After giving up on winning victory in Afghanistan by military means, the international community is resorting to the centuries-old method of buying its way out.
Britain and the US are backing a new strategy to buy off “soft” supporters of the Taliban in a radical attempt to end nine years of war in Afghanistan. The plan, to be approved at a 60-nation conference in London today, comes amid unexpected signs of growing political support for the equally high-risk idea of talks leading to a political settlement with the Taliban leadership.
In a telling move, on Tuesday night the UN Security Council bowed to pressure from the Afghan President, Hamid Karzai, to lift sanctions imposed on former officials who served in the Taliban government driven from power by the US-led invasion of 2001.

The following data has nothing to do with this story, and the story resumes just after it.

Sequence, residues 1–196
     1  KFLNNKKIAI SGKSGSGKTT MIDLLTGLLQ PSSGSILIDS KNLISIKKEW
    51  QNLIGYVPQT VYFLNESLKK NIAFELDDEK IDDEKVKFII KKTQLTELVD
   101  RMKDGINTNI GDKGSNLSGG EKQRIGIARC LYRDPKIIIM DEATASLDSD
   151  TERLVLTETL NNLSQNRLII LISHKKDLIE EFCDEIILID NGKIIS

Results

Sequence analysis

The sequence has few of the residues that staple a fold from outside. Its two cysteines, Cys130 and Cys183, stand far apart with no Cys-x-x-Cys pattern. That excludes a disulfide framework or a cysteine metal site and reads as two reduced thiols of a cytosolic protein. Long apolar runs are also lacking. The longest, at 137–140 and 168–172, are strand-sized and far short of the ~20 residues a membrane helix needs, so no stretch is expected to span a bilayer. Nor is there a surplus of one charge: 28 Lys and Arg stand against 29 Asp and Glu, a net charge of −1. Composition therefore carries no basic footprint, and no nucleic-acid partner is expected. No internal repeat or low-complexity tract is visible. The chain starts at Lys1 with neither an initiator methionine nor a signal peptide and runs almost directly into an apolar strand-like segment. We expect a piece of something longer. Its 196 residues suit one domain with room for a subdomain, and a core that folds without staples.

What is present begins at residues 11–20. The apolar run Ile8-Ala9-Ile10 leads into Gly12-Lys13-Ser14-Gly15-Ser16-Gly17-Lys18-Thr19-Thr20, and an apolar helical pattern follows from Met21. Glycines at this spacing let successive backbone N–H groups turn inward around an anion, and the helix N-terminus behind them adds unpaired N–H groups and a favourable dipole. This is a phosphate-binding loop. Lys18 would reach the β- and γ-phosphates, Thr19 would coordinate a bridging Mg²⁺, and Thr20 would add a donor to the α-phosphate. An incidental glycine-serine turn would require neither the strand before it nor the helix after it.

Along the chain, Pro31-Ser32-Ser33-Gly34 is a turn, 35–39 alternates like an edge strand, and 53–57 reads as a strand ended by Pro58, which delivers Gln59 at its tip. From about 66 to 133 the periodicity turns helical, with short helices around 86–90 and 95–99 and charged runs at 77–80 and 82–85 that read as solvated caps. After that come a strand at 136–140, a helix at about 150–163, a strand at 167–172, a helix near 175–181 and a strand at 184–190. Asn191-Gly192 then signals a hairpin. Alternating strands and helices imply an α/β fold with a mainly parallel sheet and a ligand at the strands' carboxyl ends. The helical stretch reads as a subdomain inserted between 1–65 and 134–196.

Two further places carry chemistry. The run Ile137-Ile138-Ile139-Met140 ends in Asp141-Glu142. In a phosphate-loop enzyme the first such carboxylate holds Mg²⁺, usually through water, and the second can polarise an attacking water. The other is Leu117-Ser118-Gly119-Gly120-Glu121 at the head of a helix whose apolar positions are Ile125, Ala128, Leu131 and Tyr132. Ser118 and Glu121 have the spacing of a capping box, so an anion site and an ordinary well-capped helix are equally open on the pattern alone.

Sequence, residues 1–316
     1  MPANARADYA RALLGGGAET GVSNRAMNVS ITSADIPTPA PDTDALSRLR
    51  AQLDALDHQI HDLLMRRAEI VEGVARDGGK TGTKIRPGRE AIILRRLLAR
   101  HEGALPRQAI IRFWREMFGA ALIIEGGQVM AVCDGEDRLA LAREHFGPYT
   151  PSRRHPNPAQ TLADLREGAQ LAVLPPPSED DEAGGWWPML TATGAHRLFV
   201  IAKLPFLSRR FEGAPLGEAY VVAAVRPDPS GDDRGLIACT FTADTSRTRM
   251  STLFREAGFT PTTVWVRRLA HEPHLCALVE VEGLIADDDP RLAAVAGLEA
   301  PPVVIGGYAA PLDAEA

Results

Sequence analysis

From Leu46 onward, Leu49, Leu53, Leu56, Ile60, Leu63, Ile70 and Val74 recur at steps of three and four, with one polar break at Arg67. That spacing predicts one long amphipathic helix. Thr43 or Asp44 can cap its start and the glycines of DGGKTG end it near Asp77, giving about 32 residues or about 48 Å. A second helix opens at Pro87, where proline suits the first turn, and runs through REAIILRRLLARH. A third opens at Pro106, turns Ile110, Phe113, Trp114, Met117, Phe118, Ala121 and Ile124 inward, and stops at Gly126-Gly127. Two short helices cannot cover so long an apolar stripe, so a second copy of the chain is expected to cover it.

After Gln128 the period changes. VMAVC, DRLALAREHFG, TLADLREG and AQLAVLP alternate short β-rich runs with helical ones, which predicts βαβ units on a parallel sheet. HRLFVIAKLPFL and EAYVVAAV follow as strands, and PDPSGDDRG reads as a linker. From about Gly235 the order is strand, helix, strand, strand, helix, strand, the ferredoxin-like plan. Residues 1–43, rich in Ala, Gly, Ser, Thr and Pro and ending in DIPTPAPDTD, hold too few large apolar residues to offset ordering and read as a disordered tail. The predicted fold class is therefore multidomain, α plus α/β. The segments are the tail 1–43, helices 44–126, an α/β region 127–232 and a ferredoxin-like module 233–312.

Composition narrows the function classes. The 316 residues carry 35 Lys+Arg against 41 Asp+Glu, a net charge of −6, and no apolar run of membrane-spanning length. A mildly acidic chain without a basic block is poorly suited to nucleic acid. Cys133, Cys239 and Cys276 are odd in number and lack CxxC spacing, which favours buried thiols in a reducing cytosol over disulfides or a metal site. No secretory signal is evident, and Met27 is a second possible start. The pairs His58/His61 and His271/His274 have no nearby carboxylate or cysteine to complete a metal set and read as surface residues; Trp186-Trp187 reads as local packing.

The multimillion-pound “peace and reintegration” fund would seek to lure low ranking Taliban fighters, who join out of poverty rather than ideology, by giving them jobs, schooling or land for farming. An effective amnesty for these men, now believed to make up 75 per cent of the insurgency’s ranks, means that even those who took part in attacks involving the deaths of British or US soldiers would be rehabilitated.
( Military dhimmi)General Stanley McChrystal, the US Nato commander, said earlier this week that he could envisage some former Taliban members being brought into the Kabul government.
Offering the Taliban leadership an olive branch with a view to a negotiated peace settlement is the “second prong” of a strategy now favoured by the Karzai government. But it is politically more sensitive for the West than reaching out to low-ranking fighters, because of what any “grand bargain” might entail. In 2007 two Western diplomats were expelled from Afghanistan for engaging in contacts with the extremists. READ MORE: UK INDEPENDENT
Sabah Al-Mukhtar – President of the Arab Lawyers Association in London – says the plan to pay off the Taliban is doomed to fail.